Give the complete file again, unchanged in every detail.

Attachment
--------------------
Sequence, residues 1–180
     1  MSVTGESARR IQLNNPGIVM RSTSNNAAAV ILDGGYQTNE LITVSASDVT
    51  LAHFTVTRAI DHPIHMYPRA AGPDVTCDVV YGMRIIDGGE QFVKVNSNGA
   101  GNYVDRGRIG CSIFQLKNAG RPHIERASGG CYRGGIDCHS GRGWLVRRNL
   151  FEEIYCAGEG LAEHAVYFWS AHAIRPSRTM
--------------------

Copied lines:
Sequence, residues 1–180
     1  MSVTGESARR IQLNNPGIVM RSTSNNAAAV ILDGGYQTNE LITVSASDVT
    51  LAHFTVTRAI DHPIHMYPRA AGPDVTCDVV YGMRIIDGGE QFVKVNSNGA
   101  GNYVDRGRIG CSIFQLKNAG RPHIERASGG CYRGGIDCHS GRGWLVRRNL
   151  FEEIYCAGEG LAEHAVYFWS AHAIRPSRTM